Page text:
Editor's note: An earlier version of this story should have stated Charles Fiedler was a security supervisor for General Motors. His sister Mary Joy Fiedler was the younger of the two siblings. The story has been corrected.
At 81, the man who was born Charles Fiedler had spent his whole life not knowing who he was.
Raised in Flint by a black family who adopted him at age 3, his adoptive mother told him his birth mother was white and "that I was a trick baby," Fiedler said.
As a kid, his light skin color sparked multiple fights, he said. Fiedler was bullied and called "mulatto."
"I was raised as a black person and identified as a black person," he said, "but I was too white to be black and too black to be white."
Fiedler grew up to have a successful career, retiring in 1998 after several decades in law enforcement and later as a security supervisor for General Motors. But deep down there was always a gnawing void, and over the decades Fiedler searched for his origins, hiring three attorneys, all to no avail.
This past October, a last-ditch plea to probate court finally unlocked volumes of secrets, including Fiedler's birth records. And he and his daughter, Gabrielle Clements, put in long hours on ancestry.com and Facebook.
Meanwhile, Randye Bullock, a retired public relations executive in Detroit, was experiencing a similar longing for the brother she believed was dead.
With the help of the Internet, Gabrielle Clements found Bullock and the siblings met within weeks. Fiedler said he encountered a bounty of love that ran true as the blood in their veins.
"This Christmas will be the first Christmas in 81 years I'll be with my expanded family," he said, voice breaking. "It's really something. It's more beautiful than I have words for."
Charles Fiedler was born on Oct. 26, 1933, to Evelyn Fiedler, a white woman, and Paul Roger Smith, an African-American. Evelyn and Paul grew up across the street from each other on Parker in Detroit. Both attended Eastern High School, fell in love and married. They also had a daughter, Mary Joy Fiedler. Fiedler was renamed Joseph Charles Clements by his adoptive parents.
Bullock, Paul Roger Smith's daughter from a later marriage, long remembered her father's sadness when he would talk about the son he'd had from a previous marriage to a white woman. Because of the taboo nature of the couple's relationship, both sets of grandparents saw to it that their marriage was annulled and their biracial children adopted out. Bullock said she learned that her father, an Episcopalian, "was excommunicated."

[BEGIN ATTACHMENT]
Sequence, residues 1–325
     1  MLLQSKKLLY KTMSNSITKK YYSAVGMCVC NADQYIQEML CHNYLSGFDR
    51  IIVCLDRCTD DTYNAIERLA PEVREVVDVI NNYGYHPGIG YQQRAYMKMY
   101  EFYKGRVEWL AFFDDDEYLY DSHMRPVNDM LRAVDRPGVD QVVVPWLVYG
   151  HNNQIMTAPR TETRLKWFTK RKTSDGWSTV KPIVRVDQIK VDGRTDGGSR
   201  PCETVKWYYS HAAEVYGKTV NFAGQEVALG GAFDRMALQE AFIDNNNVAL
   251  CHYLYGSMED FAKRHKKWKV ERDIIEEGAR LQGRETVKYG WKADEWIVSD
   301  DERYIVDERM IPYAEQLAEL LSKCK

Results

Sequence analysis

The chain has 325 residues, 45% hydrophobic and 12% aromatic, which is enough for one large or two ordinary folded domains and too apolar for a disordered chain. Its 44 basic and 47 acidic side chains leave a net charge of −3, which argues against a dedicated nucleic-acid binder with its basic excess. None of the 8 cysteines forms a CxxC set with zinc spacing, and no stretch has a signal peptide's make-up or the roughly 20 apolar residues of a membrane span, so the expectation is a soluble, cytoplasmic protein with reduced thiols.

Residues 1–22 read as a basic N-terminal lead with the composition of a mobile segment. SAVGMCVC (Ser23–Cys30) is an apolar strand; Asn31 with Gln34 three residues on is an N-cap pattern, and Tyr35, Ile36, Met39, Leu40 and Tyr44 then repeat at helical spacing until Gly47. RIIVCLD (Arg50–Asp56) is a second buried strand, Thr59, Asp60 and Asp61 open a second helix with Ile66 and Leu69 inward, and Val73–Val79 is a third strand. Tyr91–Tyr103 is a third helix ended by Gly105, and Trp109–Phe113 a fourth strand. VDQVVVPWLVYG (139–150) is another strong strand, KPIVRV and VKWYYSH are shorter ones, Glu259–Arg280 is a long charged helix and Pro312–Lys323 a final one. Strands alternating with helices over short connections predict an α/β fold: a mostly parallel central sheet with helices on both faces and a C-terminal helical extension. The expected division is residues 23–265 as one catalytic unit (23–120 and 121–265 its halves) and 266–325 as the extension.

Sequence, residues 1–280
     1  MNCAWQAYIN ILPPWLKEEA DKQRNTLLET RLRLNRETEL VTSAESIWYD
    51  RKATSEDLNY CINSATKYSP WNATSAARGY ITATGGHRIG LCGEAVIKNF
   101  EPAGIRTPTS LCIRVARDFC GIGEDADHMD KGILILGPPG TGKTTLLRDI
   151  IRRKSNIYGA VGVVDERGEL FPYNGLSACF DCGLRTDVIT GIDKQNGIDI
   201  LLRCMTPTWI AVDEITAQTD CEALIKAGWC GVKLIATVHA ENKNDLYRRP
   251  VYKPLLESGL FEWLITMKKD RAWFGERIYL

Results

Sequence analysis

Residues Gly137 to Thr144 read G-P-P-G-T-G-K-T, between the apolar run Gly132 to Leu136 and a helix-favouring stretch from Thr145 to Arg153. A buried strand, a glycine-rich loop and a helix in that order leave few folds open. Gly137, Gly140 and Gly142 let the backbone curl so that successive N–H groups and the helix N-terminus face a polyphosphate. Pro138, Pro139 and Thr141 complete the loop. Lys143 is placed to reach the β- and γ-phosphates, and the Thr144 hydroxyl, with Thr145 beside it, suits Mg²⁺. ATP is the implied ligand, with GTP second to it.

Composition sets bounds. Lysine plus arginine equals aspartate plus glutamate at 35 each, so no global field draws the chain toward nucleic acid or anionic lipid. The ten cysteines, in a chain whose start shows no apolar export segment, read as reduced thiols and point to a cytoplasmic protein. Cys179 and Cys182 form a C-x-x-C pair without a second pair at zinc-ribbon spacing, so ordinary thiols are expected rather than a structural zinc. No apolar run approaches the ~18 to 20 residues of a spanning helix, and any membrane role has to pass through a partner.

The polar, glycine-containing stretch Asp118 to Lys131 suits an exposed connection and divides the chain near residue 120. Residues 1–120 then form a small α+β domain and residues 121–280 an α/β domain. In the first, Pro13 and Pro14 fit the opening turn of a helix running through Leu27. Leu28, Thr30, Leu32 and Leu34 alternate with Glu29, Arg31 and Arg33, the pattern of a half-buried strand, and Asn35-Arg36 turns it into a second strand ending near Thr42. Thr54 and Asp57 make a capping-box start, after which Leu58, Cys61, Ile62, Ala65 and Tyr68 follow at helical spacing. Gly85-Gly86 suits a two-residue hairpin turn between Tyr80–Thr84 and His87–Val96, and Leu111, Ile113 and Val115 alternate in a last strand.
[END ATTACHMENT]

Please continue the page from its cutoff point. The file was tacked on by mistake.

Somehow it was arranged that Mary Joy Fiedler — Bullock's half-sister — was adopted by a black family friend of their grandfather's. "I grew up knowing my half-sister well," Bullock said.
Not so her half-brother.
"My father told me he had gone looking for my brother, but Evelyn's family told him that both Evelyn and his son had died when Charles was 9 years old."
By the early 1990s, Mary Joy became curious. In looking for her birth mother's records, she found a half-brother who was white. Through him, she learned her mother was still alive. But again, because of the race issue, she was discouraged by the half-brother from seeking her mother out.
"Mary Joy was very hurt because of the rejection," Bullock said. "It was quite tragic."
Paul Roger Smith died in 1988 at the age of 74. Evelyn Fiedler died in 2000. Mary Joy died in 2013.
"All of us still thought Charles was dead," Bullock said. "I believe Mary Joy would still be here if she knew her brother was still alive."
'We knew right away'
Meantime, a very much alive Charles Fiedler and his daughter, Gabrielle Clements, were fast connecting the dots of his ancestry. In October, Bullock got the call of a lifetime. She was told her half-brother Charles was alive, living in Flint, and very anxious to see her.
Bullock could not get her car to Flint fast enough.
"The first time I saw her it was like a magnet," Charles said. "We knew right away that we were brother and sister. The connection was that quick."
"What is so ironic is that he looks and acts just like my father," Bullock said. "In fact, my husband kept on calling him Paul. No 'Maury' show needed. No DNA. It's like my dad has been reincarnated."
The resemblances keep on multiplying. Gabrielle Clements looks just like Bullock's daughter, who is the same age. "My son looks just like two of my nephews that I just met," Charles said.
While Charles expresses sadness that he didn't get to meet his sister Mary Joy, he said there is no space in his heart for anger or regret.
"Those were Jim Crow days," he said. "The reason I was adopted was because if you have a drop of black blood in you, you were not to be raised in a white family."
A big family reunion for this spring in Detroit is in the planning stages. For now, impromptu gatherings are frequent and merry.
"Before I found my family, I'd gotten so complacent I just didn't want to do a whole lot," Charles said. "Now that I found these guys, I have so much to do and I haven't even met half the family yet! It's just a great feeling."
Charles' daughter Gabrielle likes to joke: "Here I thought I was going to have him all to myself and now I have to take a number," she said.
"Honestly, I have never in my life seen my daddy so happy."